Committing Fraud To The Letter

, , , , , | Right | February 8, 2019

(I am working in the collections department for an energy supplier when I get a call from a woman regarding a letter she says she received. She says she has a question about it. She gives me a reference number and I pull up the account.)

Me: “I’ve got the account up. May I ask your name?

(The customer gives me her name, and it is the same as on the account. I then ask her to confirm address and DOB, both of which match what is on the account.)

Me: “Thank you for confirming those details. What was your query?”

Caller: “Yes, what is this letter all about?”

Me: “There is a balance on the account. It needs to be paid. You owe [amount].”

Caller: “No, I don’t.”

Me: “I’m not seeing any payments since [date].”

Caller: “No, you don’t understand. This isn’t my account.”

Me: “Your name is on the account and you confirmed the address.”

Caller: “No, no. This letter isn’t for me. This is my friend’s account. My name is [Different Name].”

Me: “I’m sorry, madam, I can no longer discuss the account with you without the customer’s permission. Is the customer there?”

Caller: “You just broke the data protection law. You disclosed my friend’s details.”

Me: “Actually, madam, you committed fraud.”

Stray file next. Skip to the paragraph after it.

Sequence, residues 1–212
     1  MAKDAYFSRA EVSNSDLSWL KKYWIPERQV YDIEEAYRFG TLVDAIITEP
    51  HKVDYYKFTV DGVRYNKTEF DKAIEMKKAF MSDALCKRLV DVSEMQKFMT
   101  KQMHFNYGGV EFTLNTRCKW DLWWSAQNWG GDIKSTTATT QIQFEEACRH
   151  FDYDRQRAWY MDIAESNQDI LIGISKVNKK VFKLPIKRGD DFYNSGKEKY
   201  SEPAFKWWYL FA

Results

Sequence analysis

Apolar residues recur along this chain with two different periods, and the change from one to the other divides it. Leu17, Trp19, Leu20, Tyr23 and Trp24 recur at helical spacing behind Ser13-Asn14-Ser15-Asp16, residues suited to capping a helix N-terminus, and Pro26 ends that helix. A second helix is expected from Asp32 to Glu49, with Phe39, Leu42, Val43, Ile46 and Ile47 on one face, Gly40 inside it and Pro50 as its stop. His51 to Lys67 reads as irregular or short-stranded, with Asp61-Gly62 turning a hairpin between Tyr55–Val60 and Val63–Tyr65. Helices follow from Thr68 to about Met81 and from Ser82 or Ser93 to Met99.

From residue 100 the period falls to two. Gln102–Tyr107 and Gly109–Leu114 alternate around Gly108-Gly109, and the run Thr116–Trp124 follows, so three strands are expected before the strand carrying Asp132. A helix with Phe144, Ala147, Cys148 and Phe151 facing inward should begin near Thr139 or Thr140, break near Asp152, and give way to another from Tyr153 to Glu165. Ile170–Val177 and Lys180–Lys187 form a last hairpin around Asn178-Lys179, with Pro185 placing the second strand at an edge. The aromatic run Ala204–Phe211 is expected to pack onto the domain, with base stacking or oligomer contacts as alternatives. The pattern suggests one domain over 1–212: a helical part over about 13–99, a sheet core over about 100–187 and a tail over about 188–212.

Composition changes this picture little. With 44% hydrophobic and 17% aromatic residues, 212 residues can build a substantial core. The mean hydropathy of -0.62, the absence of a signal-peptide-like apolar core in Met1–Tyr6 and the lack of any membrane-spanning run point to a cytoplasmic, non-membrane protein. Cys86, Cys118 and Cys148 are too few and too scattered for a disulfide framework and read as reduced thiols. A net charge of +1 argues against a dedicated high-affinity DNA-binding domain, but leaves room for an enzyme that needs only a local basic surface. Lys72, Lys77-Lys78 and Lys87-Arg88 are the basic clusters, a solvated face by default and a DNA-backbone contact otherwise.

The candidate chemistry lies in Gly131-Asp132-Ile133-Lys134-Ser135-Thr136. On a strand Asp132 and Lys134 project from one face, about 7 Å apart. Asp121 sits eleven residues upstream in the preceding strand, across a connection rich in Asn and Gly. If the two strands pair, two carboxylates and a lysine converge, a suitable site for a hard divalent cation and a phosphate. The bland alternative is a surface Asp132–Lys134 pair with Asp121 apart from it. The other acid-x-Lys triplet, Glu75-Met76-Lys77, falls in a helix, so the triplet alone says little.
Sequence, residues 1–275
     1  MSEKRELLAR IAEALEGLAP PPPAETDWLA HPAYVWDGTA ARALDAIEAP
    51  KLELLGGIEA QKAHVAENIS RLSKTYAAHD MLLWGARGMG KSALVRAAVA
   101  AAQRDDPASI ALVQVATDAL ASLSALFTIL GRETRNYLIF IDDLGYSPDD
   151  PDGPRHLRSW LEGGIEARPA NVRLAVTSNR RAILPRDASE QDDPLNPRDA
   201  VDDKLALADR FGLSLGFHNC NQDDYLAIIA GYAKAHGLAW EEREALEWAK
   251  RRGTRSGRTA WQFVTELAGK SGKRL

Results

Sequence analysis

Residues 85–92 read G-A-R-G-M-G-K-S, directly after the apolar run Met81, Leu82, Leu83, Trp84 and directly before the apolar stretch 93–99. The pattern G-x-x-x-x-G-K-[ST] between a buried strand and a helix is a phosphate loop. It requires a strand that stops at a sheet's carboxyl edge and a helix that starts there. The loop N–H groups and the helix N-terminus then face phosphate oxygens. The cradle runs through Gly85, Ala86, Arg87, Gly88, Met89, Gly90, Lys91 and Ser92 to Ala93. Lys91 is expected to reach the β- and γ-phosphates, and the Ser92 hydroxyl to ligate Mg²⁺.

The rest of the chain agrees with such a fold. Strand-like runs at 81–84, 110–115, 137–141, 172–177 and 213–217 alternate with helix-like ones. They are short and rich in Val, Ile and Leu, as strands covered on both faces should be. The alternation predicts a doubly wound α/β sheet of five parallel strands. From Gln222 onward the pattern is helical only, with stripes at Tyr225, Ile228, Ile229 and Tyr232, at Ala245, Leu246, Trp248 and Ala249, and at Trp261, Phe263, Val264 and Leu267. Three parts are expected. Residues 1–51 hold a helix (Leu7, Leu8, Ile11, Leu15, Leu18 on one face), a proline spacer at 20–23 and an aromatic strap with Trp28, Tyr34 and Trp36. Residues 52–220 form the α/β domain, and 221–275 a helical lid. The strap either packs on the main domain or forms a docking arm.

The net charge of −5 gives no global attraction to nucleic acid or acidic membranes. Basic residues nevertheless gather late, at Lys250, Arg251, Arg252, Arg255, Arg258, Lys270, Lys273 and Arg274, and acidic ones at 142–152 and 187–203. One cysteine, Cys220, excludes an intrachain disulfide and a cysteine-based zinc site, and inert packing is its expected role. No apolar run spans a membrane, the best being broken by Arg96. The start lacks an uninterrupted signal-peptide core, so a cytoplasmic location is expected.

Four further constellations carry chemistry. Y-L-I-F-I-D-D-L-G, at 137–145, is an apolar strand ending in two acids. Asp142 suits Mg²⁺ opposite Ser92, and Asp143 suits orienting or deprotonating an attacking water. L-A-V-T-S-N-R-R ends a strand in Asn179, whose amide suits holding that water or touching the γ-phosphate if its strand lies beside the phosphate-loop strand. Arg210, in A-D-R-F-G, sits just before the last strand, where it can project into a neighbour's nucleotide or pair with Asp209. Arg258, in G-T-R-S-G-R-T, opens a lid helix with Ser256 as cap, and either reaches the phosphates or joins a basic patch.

Caller: “No, I didn’t. I never said I was the customer. You broke the law; now you’re going to lose your job. I’m going to report you.”

Me: “Actually, madam, when I asked what your name was, you told me it was [Customer]. When I asked what your address was, you said it was [Customer’s address], and when I asked you to confirm your date of birth, you told me it was [Customer’s DOB]. You pretended to be your friend, which is fraud.”

Caller: “No, I didn’t. If you heard that, that’s your fault. I’m going to report you!”

Me: “You are welcome to report this to the data commissioner. I’ll get you the details, if you like. We are obligated to report this incident, as well, and will send the recording of this call to prove what was said.”

Caller: “How dare you say that to me?! Get me your manager!”

(I got my manager, who took over the call. My manager promised to listen to the call and arranged to call the woman back once she had done so. Later that day, my manager came and spoke to me. She listened to the call and confirmed that the customer definitely committed fraud — she clearly said her name, address, and DOB were the customer’s. My manager gave me an anti-fraud form to fill in so it could be passed onto the police. During the call, the woman gave me her full name, and she gave my manager several phone numbers when they arranged the call back, one of which was a work number. My manager also got the woman’s address because the customer wanted me to write her a formal apology for accusing her of committing fraud. All these details went on the form we sent to the police.)

1 Thumbs
744
VOTES